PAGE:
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Analogue Boy in a Digital World

They say the eyes are the windows to the soul. It is too easy to forget, or overlook the fact that those windows are also built-in lenses, 3D camera and extensive hard-drive that stores and catalogues almost every image we experience.

This month I was reminded of my growing dependence on digital technology as I lost my Cannon G11 camera. The G11 is a wonderful piece of equipment, and I have used it every day for over a year. The best/worst/most poetic point of this digital departure was that the camera had more than 200 photographs on its memory card.

I am now traveling back in time. I have dusted off my old Yashica minitec 35 mm camera, and if I am honest, I am very happy about it.

I love all things digital, however, the photograph is a special thing, an art form, the camera is a fixer of moments in time. Special moments, posed, and caught in a flash of blinding personal nostalgia. These days, however, that ‘special moment’ is overruled by an immediate recognition of what looks ‘good’, and “oh no, I hate that photo, take it again”, a luxury we have quickly grown accustomed to. Added to by immediate uploads, cropping, colour adjustment, artsy filters and social network tagging. The result: a small, low-resolution, prescribed and designed version of events.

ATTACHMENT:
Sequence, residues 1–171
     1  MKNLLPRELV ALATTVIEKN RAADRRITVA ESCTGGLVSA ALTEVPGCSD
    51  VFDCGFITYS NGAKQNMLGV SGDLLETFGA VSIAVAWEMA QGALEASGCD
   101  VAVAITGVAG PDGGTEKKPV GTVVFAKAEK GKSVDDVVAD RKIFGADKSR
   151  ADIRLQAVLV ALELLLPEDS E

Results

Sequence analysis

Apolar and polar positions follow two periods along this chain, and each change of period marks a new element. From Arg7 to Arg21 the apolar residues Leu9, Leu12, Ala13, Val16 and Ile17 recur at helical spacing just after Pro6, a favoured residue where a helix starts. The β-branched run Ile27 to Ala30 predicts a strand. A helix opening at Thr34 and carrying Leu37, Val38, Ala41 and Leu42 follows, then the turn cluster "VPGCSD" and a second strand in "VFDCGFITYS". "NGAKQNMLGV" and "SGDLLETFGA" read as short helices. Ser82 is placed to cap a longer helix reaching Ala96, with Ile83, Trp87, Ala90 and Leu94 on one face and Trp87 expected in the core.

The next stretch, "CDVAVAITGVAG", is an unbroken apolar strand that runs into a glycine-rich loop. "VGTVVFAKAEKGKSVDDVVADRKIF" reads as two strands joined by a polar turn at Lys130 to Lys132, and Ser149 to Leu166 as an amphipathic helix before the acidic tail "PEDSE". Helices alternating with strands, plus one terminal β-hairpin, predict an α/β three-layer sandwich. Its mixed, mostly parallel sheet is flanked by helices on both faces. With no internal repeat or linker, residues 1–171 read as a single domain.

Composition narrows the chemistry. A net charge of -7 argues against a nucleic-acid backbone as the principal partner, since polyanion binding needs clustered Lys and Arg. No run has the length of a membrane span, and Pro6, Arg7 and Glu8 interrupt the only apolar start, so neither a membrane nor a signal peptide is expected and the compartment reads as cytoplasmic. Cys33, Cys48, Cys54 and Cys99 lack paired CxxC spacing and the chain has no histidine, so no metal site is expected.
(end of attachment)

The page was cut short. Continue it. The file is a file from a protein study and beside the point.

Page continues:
Until I can afford a new camera, I am forcing myself to celebrate shooting from the hip, closing the viewfinder and winding on a real-life piece of celluloid film. Forgetting about the image until I can develop the roll and rediscover those forgotten moments, complete with imperfections, red eyes, and accidental blurry snap shots.


To read the full article and view all of David”s analogue images visit No New Enemies.


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